Friday, October 21, 2016

From The Department of Want Want Want

Here's a cool link on framing and planking a wooden boat hull.

 George Buehler's boats are pretty and rugged old-school full displacement yachts.

The whole 'I love you' thing

A lesson I got from my father, years ago, was to make sure that the people I love know that I love them.

     It's not an unusual lesson where I grew up. A working-class town where everyone's parents were born poor and spent time in immigrant neighborhoods before moving out to the peaceful, safe and relatively quiet suburb where I grew up. Most everyone's father was a veteran, and most of those had been in combat in Korea or Viet Nam, which probably had a lot to do with it.

     The way my father told it to me, he never wanted to deal with a situation where he didn't say the words in his heart simply because he didn't know when he was talking to someone for the last time.

 It's a lesson that stuck with me, and, turns out, with my brothers, sister, and friends, too.

  I had to go to my familial home up north this past weekend for some very heavy family stuff that I just don't want to blog about. While I was there dealing with B family business, some old, old friends lost their father.

 I spent the whole weekend with people I've known since Kindergarten, and their parents, too. It wasn't a fun reunion. Between learning why I was home, and dealing with friends who had lost their parent, it was a chance to reconnect with people I haven't spent much time with since leaving MA.

 At differing times, and with differing people, I'd meet with folks, and I think every lunch and dinner I was with differing combinations of friends and family. Each time, it'd end with hugs and I love you's, or 'Love you, man.' perhaps said more gruffly, but certainly meant all the same.

 We got a funny look for it once at a local restaurant. I was with my old roommates Johnny Sparks and Spinach, guys I lived with back when I was lobstering and sailing as AB on a tanker- guys I went to grade school with, and went to church with, and have known since we were all 5 or 6. Not guys you expect to be hugging and saying terms of endearment in public, you'd think, right?

 Wrong. In my experience, it's the guys who are big, gruff and often reluctant to talk about emotions that are the most comfortable in expressing them under the necessary circumstances. People are pushing their kids to be more sensitive, but they're conflating emotional weakness and fragility with sensitivity. Sensitivity is a middle-aged ironworker, the type of guy who won't stop working to get stitches unless he's going to pass out from blood loss, a guy who normally doesn't finish a sentence without swearing at least once, who drops everything to rush and be with a friend who is in need of emotional support.
     And don't get me started with elevating crying to a sacrament. You'd think that the shit is mandatory for any boy now. My wife nearly killed me when I said "quit that or I'll give you something to really cry about." to my kid when he cried about something minor. I felt like an unbelievable shitheel when I did that, but it was an important lesson, and a good one, for both of us.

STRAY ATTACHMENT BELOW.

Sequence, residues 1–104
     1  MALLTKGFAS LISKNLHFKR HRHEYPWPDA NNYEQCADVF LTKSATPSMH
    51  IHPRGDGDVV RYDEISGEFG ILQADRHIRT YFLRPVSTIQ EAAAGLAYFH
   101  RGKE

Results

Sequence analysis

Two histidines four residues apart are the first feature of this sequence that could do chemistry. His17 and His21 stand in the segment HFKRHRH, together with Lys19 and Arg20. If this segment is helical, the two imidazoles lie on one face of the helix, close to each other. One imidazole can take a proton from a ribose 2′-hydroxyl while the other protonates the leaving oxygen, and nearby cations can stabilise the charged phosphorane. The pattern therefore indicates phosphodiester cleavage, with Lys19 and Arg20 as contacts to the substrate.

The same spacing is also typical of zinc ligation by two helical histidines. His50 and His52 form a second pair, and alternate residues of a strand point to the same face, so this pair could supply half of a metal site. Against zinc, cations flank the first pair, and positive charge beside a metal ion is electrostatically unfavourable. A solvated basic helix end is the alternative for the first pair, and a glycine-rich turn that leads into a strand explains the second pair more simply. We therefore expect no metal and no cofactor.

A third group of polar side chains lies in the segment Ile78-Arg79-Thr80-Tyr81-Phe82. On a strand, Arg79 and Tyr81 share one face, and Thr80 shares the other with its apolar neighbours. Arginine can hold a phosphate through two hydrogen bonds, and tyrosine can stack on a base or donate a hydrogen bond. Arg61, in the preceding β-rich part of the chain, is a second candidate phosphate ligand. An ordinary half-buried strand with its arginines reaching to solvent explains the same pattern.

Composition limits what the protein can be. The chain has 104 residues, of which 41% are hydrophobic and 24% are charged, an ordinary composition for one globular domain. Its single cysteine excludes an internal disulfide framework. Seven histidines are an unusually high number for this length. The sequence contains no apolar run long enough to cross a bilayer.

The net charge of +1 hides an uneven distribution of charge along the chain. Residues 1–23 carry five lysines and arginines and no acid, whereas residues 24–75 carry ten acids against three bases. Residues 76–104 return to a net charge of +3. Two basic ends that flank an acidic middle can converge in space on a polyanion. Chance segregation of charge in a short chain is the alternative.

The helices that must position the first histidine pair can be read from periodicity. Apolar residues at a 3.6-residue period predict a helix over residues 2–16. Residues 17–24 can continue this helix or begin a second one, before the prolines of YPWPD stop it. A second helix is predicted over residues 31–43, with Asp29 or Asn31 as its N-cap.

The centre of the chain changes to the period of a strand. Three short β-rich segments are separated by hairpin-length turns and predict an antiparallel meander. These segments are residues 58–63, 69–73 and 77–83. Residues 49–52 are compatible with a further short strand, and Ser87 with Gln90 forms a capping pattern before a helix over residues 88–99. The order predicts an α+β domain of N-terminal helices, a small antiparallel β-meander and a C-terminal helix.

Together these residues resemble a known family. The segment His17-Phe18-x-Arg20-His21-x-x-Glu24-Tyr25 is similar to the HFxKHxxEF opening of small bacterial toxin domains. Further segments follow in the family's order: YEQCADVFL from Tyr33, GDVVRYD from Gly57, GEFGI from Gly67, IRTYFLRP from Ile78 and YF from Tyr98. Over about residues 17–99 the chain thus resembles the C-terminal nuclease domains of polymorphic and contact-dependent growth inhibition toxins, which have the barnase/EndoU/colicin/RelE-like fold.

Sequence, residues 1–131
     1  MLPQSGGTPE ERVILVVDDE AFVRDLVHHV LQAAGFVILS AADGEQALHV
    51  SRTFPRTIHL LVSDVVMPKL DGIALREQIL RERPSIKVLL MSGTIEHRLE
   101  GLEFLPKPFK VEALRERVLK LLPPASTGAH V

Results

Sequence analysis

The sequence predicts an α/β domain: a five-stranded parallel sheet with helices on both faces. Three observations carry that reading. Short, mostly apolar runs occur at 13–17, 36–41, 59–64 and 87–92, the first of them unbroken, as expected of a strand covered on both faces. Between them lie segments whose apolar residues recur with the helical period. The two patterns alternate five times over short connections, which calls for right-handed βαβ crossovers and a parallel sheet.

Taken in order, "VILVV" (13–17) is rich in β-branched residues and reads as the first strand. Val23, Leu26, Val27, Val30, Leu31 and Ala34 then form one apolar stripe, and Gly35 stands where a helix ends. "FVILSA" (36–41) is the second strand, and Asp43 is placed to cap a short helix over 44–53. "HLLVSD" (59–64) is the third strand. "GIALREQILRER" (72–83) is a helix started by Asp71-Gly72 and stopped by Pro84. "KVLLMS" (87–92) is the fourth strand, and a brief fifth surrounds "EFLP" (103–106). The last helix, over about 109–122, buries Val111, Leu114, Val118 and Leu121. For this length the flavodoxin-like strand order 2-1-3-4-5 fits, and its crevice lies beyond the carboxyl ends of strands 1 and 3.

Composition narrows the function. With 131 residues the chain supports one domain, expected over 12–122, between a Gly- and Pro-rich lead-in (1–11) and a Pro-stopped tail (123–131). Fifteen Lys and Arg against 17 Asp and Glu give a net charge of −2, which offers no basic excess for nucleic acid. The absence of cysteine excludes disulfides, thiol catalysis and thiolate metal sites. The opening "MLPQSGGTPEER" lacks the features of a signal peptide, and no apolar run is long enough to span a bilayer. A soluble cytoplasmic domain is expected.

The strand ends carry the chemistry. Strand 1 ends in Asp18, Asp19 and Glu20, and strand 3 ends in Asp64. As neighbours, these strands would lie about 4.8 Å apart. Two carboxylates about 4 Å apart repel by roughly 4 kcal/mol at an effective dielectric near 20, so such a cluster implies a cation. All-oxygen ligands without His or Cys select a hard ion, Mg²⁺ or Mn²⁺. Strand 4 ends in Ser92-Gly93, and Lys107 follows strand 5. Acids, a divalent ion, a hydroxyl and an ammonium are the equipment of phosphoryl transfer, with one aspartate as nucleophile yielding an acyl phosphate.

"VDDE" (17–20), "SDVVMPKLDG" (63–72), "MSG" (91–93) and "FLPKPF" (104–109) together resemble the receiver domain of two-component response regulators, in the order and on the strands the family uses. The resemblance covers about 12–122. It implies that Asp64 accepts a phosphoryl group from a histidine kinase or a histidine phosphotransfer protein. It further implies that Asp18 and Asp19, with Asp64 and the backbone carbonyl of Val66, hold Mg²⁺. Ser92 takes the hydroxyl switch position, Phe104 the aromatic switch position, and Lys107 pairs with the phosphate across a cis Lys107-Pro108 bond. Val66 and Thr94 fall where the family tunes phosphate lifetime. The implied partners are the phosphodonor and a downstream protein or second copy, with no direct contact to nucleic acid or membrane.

He jokes about it today with me. He's a sensitive kid, more than I was at his age, and I was a sensitive kid, and that's a good thing. He's also emotionally mature for his age, and no pansy.
    I cried a couple of times this weekend. So did my brothers, and most of my friends too. Shit hits you at odd times. My brother welled up in a 7-11 parking lot. I got hit while taking a piss at one point.
   I've said "quit being such a pussy" to all of my friends at some point, and meant it at the time. I've had it said to me, too. There's a time to emote and a time to try to bull through it. People overcomplicate it. Mostly pussies, in fact.
          All the same, there we were, hugging, saying I love you, in public, and one of us crying slightly. Nothing shaming about it, and it happened more than once. That's what good friends are about. 

 My son, he knows, and I hear him saying it to me and his mom, when it's time to say goodbye.


Wednesday, October 19, 2016

embracing the routine

Well, I'm back on board, and getting back to my routine. I'll be here a few more days before heading home for an abbreviated time off.

  It's been a hell of a few days.

Saturday, October 15, 2016

when life happens

Some of the most common and difficult parts of life are unavoidable, like saying goodbye for now to those people who you love most in the world.

 Blogging will be light for a while.

Sé do bheath' a Mhuire, atá lán de ghrásta, tá an Tiarna leat.
Is beannaithe thú idir mná agus is beannaithe toradh do bhruinne losa.
A Naomh Mhuire, a mháthair Dé, guí orainn na peacaithe, anois is ar uair ar mbás. Amen.

Wednesday, October 12, 2016

Shart Life

 I always get a kick out of those goofy 'salt life' stickers that many shoemakers get all juicy over and put on their vehicles. I think it's great that people get out on the water and enjoy it, even if most of them are a hazard to everyone around them, including themselves. I wonder if this is how Hell's Angels feel when they pass by a goof on a scooter with a lawnmower engine?

Oh, for crissakes. 

Well, here's a picture I took a couple of hours ago. We're in Gravesend Anchorage, outside New York Harbor, a somewhat exposed spot that I hate visiting. See that tiny 1-foot gap between us and the ship on the left? There are special foam bumpers that we use specifically for wedging in between us like that- expensive little shits, too. The smallest ones, which are about 2 foot long, run about $2500 each. The medium ones, which are mounted on special sleds and hydraulically lowered, are closer to $5,000 each.  The bigger ones for the next size up are even more expensive, and actually come with rubber tires chained to them to reduce wear. You know, like soles on sneakers.